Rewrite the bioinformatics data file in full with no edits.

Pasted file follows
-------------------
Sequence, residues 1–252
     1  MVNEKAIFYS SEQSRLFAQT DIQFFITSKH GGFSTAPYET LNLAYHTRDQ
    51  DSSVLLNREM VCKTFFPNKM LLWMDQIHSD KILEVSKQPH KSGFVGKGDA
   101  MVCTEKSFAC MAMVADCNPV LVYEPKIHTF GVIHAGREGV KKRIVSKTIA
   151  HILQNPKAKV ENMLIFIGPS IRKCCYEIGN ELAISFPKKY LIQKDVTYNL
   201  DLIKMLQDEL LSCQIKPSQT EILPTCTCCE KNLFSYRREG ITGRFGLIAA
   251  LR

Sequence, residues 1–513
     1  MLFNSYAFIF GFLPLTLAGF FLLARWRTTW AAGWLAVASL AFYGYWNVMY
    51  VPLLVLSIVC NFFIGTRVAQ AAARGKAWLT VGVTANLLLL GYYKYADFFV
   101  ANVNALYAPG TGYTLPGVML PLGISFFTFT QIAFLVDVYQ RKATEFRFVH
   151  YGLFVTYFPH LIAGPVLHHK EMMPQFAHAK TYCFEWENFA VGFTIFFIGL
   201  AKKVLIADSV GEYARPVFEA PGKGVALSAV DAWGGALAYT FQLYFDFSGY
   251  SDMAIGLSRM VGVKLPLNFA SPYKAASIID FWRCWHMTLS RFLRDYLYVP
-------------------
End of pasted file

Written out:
Sequence, residues 1–252
     1  MVNEKAIFYS SEQSRLFAQT DIQFFITSKH GGFSTAPYET LNLAYHTRDQ
    51  DSSVLLNREM VCKTFFPNKM LLWMDQIHSD KILEVSKQPH KSGFVGKGDA
   101  MVCTEKSFAC MAMVADCNPV LVYEPKIHTF GVIHAGREGV KKRIVSKTIA
   151  HILQNPKAKV ENMLIFIGPS IRKCCYEIGN ELAISFPKKY LIQKDVTYNL
   201  DLIKMLQDEL LSCQIKPSQT EILPTCTCCE KNLFSYRREG ITGRFGLIAA
   251  LR

Sequence, residues 1–513
     1  MLFNSYAFIF GFLPLTLAGF FLLARWRTTW AAGWLAVASL AFYGYWNVMY
    51  VPLLVLSIVC NFFIGTRVAQ AAARGKAWLT VGVTANLLLL GYYKYADFFV
   101  ANVNALYAPG TGYTLPGVML PLGISFFTFT QIAFLVDVYQ RKATEFRFVH
   151  YGLFVTYFPH LIAGPVLHHK EMMPQFAHAK TYCFEWENFA VGFTIFFIGL
   201  AKKVLIADSV GEYARPVFEA PGKGVALSAV DAWGGALAYT FQLYFDFSGY
   251  SDMAIGLSRM VGVKLPLNFA SPYKAASIID FWRCWHMTLS RFLRDYLYVP